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Sample records for abdominal pain vomiting

  1. A 33-year-old white female with abdominal pain, nausea, vomiting and hypotension.

    PubMed

    Westfall, M D; Lumpkin, J

    1993-01-01

    A thirty-three year old female presented to our emergency department complaining of severe abdominal pain, nausea, and vomiting. On physical examination she was hypotensive with a firm, tender abdomen, cervical motion tenderness and a diffuse erythematous rash. A surgical diagnosis of Acute Pelvic Inflammatory Disease was made during laparoscopy. Coagulant studies, liver function tests, culture results, and the desquamation of the patient's palms led to the additional diagnosis of Toxic Shock Syndrome. A literature search failed to reveal any similar cases of Pelvic Inflammatory Disease (PID) and Toxic Shock Syndrome (TSS) occurring concomitantly. Patients may present severely ill with either of these disease entities but potential for serious illness is greater when both of these syndromes occur in the same patient. We conclude that in patients with a similar presentation, the symptoms should not be attributed completely to PID without further investigation and consideration of a concomitant disease process including TSS.

  2. Abdominal Pain

    MedlinePlus

    ... and Recurrent or Functional Abdominal Pain (RAP or FAP) What is abdominal pain? Abdominal pain , or stomachache, ... recurrent abdominal pain (RAP) or functional abdominal pain (FAP)? If your health care provider has ruled out ...

  3. Diagnostic utility of abdominal ultrasonography in dogs with chronic vomiting.

    PubMed

    Leib, M S; Larson, M M; Panciera, D L; Troy, G C; Monroe, W E; Rossmeisl, J H; Forrester, S D; Herring, E S

    2010-01-01

    Chronic vomiting is a common problem in dogs that has many causes. Ultrasonographic descriptions of many gastrointestinal (GI) diseases have been published. However, diagnostic utility of ultrasonography in dogs with chronic vomiting has not been investigated. Diagnostic utility of abdominal ultrasound will be highest in dogs with GI neoplasia and lowest in those with inflammatory disorders. Eighty-nine pet dogs with chronic vomiting. Medical records were reviewed and the contribution of abdominal ultrasound to the clinical diagnosis was subjectively scored. In 68.5% of dogs, the reviewers thought that the same diagnosis would have been reached without performing ultrasonography. In 22.5% of dogs, the ultrasound examination was considered to be vital or beneficial to the diagnosis. Univariable analysis identified that increased diagnostic utility was associated with increasing age, a greater number of vomiting episodes per week, presence of weight loss, a greater percentage of lost body weight, and a final diagnosis of GI lymphoma or gastric adenocarcinoma. However, multivariate analysis only identified increasing age and a final diagnosis of gastric adenocarcinoma or GI lymphoma to be associated with increased diagnostic utility. In 12.4% of dogs, additional benefits of ultrasonography to case management, excluding the contribution to the vomiting problem, were identified. The diagnostic utility of abdominal ultrasonography was high in 27% of dogs. The presence of factors that are associated with high diagnostic utility is an indication to perform abdominal ultrasonography in dogs with chronic vomiting.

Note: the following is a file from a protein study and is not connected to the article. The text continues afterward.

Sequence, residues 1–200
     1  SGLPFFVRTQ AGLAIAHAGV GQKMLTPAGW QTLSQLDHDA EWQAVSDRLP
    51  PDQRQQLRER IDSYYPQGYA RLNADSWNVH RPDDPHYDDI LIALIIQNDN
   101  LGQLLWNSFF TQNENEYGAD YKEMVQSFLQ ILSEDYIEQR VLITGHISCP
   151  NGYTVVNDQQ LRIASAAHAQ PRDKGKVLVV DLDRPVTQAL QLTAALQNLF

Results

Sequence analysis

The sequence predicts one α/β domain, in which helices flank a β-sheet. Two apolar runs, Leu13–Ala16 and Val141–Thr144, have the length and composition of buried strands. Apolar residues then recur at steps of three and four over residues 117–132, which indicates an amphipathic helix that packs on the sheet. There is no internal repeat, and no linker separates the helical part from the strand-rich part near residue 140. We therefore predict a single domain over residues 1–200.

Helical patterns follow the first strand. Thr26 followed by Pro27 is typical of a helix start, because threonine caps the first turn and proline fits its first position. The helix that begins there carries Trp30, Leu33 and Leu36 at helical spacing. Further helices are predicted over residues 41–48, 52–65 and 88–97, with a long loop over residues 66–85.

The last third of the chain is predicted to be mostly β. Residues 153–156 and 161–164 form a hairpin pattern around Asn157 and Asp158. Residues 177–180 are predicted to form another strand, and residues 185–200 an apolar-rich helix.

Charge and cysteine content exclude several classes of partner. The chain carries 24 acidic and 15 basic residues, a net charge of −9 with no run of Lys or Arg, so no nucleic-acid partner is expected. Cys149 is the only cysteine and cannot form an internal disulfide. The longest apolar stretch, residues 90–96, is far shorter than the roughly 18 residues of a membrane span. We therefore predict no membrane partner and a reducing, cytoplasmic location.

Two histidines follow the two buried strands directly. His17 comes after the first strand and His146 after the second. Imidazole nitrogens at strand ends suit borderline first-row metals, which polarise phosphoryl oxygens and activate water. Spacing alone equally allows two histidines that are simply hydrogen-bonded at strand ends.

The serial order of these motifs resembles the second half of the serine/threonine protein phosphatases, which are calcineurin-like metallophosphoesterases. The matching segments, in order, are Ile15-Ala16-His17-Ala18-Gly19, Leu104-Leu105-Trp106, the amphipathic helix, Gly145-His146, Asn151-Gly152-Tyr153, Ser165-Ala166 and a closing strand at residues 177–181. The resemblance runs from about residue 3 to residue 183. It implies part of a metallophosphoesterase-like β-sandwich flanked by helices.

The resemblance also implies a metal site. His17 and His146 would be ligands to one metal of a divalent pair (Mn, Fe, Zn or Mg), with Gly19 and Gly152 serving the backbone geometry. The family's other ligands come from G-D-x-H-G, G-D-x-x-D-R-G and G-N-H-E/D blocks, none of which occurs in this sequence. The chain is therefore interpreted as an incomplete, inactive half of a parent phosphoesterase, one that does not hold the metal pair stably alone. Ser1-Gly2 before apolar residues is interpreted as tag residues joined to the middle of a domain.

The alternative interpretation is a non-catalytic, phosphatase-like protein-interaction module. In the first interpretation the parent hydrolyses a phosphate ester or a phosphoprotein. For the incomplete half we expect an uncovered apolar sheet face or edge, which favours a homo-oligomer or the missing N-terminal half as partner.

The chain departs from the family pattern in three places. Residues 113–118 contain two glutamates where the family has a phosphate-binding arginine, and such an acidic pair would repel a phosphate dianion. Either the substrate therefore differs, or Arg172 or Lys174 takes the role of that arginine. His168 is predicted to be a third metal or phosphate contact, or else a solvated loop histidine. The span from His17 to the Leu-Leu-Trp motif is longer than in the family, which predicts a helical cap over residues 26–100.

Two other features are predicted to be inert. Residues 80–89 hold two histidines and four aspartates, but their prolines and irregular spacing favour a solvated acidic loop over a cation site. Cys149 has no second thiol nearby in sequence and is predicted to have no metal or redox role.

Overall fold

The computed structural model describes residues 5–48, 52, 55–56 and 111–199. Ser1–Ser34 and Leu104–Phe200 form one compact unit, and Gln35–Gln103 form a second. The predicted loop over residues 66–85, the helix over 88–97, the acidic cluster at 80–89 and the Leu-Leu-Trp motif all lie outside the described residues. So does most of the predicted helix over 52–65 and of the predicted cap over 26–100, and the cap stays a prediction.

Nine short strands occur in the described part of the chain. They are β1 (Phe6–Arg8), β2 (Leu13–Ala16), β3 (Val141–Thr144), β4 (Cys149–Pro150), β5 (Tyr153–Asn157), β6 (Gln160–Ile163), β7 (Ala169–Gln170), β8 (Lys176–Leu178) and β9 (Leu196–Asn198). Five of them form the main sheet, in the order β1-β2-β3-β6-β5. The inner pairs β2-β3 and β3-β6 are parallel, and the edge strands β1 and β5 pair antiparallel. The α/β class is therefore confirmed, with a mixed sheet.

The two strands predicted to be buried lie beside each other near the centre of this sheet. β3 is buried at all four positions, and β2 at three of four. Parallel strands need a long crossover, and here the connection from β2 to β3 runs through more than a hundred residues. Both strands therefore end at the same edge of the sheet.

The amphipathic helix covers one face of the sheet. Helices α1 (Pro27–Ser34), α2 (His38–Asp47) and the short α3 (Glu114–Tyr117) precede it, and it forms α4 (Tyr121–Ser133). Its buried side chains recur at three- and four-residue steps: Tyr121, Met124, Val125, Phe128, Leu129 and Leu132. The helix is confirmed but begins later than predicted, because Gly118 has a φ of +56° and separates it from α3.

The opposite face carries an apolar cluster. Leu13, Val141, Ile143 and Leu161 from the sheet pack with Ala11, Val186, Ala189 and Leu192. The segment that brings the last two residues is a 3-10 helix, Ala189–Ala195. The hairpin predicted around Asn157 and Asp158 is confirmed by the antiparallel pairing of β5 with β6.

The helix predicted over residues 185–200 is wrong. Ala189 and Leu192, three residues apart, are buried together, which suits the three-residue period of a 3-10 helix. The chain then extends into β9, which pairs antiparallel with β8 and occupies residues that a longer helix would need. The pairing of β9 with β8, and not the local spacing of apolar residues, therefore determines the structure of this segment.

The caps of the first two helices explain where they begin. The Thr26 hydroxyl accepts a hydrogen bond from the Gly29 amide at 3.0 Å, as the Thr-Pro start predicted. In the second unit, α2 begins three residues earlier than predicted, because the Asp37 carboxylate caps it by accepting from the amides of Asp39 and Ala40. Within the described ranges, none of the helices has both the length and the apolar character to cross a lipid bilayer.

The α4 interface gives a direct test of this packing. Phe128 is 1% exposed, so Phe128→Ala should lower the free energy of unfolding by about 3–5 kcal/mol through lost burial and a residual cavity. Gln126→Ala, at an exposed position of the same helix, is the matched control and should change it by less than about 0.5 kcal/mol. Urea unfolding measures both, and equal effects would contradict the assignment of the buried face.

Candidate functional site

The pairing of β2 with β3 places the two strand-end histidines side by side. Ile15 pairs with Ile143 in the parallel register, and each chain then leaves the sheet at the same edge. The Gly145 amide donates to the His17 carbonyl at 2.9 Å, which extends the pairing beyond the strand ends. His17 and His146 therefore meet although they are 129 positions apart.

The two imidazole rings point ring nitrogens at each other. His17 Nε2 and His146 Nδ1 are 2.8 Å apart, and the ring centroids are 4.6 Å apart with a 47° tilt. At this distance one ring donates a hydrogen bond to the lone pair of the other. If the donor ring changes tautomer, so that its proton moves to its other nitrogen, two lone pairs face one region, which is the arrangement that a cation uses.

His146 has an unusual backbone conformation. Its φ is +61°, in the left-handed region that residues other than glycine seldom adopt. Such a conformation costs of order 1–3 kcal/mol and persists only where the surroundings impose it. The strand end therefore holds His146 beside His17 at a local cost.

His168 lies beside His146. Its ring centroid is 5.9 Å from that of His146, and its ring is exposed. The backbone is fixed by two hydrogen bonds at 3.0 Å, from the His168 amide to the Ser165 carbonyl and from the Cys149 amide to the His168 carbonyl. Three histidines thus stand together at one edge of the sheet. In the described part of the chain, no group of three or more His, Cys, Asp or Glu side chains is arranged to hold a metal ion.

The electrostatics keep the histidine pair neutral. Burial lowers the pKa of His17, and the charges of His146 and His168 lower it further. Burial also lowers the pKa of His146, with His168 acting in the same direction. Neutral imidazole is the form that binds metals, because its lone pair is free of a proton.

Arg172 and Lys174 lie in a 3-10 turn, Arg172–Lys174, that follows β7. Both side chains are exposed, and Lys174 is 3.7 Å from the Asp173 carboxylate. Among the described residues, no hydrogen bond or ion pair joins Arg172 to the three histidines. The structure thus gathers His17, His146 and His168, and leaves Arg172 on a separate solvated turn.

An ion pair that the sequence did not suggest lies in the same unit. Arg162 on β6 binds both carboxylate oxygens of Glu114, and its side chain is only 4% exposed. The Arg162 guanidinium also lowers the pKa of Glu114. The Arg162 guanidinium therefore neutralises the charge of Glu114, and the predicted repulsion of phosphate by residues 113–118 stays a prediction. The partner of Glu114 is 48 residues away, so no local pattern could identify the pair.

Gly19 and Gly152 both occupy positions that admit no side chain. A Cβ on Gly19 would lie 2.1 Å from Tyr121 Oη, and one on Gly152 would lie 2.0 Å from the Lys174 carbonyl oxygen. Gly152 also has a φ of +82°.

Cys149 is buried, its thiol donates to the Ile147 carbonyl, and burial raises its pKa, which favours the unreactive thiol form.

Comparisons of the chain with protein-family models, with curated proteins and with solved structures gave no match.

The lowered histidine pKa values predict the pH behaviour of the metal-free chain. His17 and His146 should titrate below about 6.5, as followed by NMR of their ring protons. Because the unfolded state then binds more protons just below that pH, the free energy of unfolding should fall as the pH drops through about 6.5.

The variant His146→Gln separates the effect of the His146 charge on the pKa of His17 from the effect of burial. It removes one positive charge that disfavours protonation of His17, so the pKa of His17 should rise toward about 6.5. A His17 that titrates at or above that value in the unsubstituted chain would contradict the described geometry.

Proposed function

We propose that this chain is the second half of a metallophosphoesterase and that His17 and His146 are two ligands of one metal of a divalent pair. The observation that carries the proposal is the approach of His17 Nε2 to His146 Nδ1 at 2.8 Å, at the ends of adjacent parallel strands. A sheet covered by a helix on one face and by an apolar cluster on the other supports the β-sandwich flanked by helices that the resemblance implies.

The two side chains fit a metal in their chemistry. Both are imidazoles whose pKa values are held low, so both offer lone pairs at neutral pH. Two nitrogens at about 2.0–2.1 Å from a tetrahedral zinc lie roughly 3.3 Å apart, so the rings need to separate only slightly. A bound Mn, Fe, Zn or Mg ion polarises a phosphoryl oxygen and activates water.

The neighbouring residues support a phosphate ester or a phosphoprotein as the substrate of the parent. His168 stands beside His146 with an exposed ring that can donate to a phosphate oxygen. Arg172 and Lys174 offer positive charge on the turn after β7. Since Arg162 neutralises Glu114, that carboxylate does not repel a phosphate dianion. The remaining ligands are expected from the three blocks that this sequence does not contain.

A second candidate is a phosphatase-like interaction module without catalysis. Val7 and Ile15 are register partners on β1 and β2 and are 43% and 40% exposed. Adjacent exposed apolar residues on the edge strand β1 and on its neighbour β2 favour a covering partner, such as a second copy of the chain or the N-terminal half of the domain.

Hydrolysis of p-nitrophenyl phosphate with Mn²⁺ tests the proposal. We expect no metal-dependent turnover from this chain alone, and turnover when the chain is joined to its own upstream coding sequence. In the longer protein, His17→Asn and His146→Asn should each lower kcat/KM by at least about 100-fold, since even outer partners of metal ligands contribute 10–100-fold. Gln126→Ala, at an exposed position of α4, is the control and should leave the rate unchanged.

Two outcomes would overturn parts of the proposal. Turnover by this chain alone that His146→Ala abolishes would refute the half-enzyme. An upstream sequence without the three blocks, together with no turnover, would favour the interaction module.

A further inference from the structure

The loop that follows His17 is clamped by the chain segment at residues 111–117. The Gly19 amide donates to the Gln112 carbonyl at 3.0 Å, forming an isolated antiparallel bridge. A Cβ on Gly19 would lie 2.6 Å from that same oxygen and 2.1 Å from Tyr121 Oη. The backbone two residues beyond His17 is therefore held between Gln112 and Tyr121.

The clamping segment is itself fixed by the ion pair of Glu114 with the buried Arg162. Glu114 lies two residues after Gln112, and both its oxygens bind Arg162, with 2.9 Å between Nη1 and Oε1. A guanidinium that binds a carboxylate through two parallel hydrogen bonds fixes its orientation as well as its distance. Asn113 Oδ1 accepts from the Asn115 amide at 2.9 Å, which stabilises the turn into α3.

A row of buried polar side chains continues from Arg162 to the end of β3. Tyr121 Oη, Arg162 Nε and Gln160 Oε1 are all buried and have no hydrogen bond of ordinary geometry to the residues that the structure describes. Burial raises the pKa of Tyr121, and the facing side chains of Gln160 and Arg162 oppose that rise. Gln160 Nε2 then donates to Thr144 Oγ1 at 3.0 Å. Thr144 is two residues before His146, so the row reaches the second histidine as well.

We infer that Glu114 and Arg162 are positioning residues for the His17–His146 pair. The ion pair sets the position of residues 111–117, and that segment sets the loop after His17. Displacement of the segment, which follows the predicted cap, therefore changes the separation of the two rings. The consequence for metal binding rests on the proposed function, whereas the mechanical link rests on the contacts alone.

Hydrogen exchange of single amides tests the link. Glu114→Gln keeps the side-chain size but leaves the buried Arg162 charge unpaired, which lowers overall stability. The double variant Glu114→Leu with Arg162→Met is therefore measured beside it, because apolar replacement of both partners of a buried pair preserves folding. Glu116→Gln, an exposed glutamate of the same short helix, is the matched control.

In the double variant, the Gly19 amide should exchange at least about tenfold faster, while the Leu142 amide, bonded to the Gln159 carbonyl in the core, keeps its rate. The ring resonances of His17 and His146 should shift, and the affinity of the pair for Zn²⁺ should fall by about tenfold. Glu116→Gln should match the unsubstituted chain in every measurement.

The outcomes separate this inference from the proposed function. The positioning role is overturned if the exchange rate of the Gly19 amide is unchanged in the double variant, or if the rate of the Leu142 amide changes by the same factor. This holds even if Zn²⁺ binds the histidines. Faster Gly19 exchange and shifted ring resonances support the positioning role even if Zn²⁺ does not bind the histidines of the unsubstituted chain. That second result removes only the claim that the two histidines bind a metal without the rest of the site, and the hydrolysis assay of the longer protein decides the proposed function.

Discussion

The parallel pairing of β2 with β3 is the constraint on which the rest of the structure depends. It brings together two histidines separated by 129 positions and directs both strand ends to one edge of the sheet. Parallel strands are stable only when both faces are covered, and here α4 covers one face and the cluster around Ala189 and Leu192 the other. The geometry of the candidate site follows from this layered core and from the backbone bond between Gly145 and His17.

4. Helicobacter pylori gastritis in a child with sickle cell anemia and recurrent abdominal pain.

    PubMed

    Kennedy, L; Mahoney, D H; Redel, C A

    1997-01-01

    Recurrent abdominal pain is a common complaint in children with sickle cell disease. Helicobacter pylori gastritis has recently been described in association with recurrent abdominal pain in children. A case report is given of a 16-year-old black male with hemoglobin SS disease presenting with recurrent abdominal pain and hematemesis. Endoscopic exam of the upper gastrointestinal tract revealed gastritis, and biopsy confirmed H. pylori infection. Serology studies demonstrated increased anti-H. pylori antibody titers. The young man responded well to treatment, with resolution of his symptoms. Helicobacter pylori infection is a new diagnostic consideration for children with recurrent abdominal pain and should be included in the differential diagnosis of children with sickle cell disease, especially when abdominal pain is recurrent and accompanied by vomiting. Larger case studies will be necessary to determine the true incidence of H. pylori in children with sickle cell disease and recurrent abdominal pain.